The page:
M.S. 216 George J. Ryan
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Solid record of student achievement; a lot of big-school extras
Located in a quiet, residential neighborhood in Fresh Meadows, high-performing MS 216 is the largest school in District 26 and home to a diverse student population. It boasts a consistent record of sending more than one-third of its graduates to specialized high schools, in addition to popular choices such as Townsend Harris, Francis Lewis and Cardozo. The school offers three options for high-achieving students in each grade: ICG (intellectually gifted children), G&T (gifted and talented) and honor/SPE (special progress enriched). Additionally, there are general education and team-taught special education classes.
MS 216 received the highest rating of “well developed” in all five categories on NYC’s school quality review. It enjoys excellent attendance and good results on achievement tests.
It is also safe and orderly, considering its large size. Longtime principal Reginald Landeau says: “No one group is so predominant that they end up dominating. Chinese, Punjabi, African American, Caucasian and Latino children all hang out together.” Combined cultural events provide children with an opportunity to find out what they have in common, he adds, such as during a culminating event for Chinese New Year and Black History, when the school featured African drummers and dancing Chinese dragons performing to a packed house. The school has staff members who can assist with Bengali, Chinese, Greek, Hebrew, Korean, Russian, Spanish and Urdu translation.
MS 216 is so popular that some families move in with relatives or rent basement space in the school’s zone to get in. Every class is at the limit of 33 students. “I wish we had a fourth floor,” Landeau says, adding that some teachers do not have their own classrooms. Fortunately, many rooms are big since they were initially built as woodshops or ceramics studios. These now serve as science or robotics rooms. MS 216 is one of two NYC middle schools with a stand-alone robotics program in which every 6th-grader participates. The school hosts, and has often won, the Queens LEGO Robotics Tournament.
The school is equipped with SmartBoards and iPads, Chromebooks or laptops in every classroom. It offers Software Engineering classes for select students in 6th, 7th and 8th grades.
The student population is divided into three themed academies: Science Exploration, Media Arts, and Law and Justice. While the core academic curriculum is identical for all three, each academy’s specific theme allows teachers to create thematic-based units of study. For example, Law and Justice's 6th-graders debate the ethics of cloning, and its 8th-graders spar over current political issues and how they affect U.S. policy. Students in Science Exploration help the school reduce its carbon footprint.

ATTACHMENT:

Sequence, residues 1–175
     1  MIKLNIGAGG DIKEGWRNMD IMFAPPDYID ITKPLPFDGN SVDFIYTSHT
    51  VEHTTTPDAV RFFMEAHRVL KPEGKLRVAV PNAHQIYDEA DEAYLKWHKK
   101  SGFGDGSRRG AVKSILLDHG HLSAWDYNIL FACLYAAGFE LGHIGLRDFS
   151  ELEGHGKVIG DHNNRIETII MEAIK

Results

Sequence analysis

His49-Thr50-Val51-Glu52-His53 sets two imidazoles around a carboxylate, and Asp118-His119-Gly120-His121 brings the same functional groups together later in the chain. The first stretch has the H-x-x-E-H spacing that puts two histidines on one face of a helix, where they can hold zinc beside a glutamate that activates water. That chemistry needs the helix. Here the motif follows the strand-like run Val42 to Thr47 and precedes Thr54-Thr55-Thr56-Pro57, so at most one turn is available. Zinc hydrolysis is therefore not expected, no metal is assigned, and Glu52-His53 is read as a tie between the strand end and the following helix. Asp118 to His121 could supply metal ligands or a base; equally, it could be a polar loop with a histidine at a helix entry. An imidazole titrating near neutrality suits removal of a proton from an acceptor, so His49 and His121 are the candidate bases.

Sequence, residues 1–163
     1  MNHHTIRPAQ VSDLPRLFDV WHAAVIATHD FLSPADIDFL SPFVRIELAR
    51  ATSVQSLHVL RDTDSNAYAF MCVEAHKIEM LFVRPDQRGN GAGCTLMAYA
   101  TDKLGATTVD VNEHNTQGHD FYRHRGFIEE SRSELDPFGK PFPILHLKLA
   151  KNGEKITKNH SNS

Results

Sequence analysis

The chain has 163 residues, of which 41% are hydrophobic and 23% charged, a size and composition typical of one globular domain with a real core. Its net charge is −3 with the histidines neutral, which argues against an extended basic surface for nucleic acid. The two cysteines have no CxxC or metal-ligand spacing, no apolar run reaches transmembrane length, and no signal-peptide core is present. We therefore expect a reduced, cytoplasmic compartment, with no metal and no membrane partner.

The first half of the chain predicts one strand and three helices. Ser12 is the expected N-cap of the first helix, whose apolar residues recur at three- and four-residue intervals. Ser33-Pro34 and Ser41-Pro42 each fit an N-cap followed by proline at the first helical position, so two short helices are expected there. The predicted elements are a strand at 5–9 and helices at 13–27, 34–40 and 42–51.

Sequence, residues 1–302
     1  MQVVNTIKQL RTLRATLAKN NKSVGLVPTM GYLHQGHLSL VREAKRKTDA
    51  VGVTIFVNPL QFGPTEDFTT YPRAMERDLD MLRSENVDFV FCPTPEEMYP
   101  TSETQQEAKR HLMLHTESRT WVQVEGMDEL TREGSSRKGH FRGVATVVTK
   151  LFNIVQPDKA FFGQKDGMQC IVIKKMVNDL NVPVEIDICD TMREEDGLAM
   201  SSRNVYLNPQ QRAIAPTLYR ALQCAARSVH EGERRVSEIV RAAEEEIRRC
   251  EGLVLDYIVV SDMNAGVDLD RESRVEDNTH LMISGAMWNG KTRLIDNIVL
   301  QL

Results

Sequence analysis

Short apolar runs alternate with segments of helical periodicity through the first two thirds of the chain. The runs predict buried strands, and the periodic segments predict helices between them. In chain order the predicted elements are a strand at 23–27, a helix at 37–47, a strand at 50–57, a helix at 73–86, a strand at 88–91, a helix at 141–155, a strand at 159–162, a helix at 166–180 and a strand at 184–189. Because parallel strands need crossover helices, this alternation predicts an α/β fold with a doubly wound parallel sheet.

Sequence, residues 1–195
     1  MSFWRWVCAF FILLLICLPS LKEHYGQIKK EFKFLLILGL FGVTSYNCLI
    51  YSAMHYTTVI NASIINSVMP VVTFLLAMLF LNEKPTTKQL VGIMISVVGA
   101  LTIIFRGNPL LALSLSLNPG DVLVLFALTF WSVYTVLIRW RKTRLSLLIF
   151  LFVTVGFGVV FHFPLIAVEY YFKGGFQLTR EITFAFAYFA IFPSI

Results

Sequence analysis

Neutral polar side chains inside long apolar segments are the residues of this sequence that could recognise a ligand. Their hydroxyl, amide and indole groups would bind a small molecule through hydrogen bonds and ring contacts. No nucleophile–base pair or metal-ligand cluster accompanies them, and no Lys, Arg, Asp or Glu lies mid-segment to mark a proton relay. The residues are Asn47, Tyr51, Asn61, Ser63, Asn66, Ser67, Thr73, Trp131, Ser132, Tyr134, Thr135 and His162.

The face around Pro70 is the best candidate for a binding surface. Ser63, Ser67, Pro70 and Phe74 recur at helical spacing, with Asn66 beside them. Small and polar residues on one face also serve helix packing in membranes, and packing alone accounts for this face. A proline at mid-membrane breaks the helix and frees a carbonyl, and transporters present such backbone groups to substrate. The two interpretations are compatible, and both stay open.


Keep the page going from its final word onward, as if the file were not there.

Sixth-graders rotate through “talent” classes in chorus, dance, instrumental music and visual arts. Seventh- and 8th-graders can major in one of the talents or take academic electives.
The school has a math team, chess team, boys and girls basketball, cheerleading, volleyball, guitar club and a Broadway musical theater program. It has three gender-sensitive mentoring groups including one to support girls interested in math. The Saturday Academy offers dance, filmmaking and photography. Students may propose new ideas for clubs; recent additions include a soccer team and a running club, Landeau says.
Spanish is the only foreign language offered. Students visit Spanish restaurants and other venues to practice the language. Interested students may sign up for Chinese language arts after school.
ADMISSIONS: Neighborhood school with two screened gifted and talented programs. Admission to IGC is based on standardized test scores, grades, conduct and attendance. Applicants must provide an on-demand writing sample, sit for an entrance exam and participate in an interview. Admission to G&T is based on a combination of factors that make up a “composite score”: the final 4th-grade report card counts for 35 percent, state tests for 35 percent, student performance indicators for 20 percent and attendance for 10 percent. (Lydie Raschka, web reports and interview, March 2018)Read more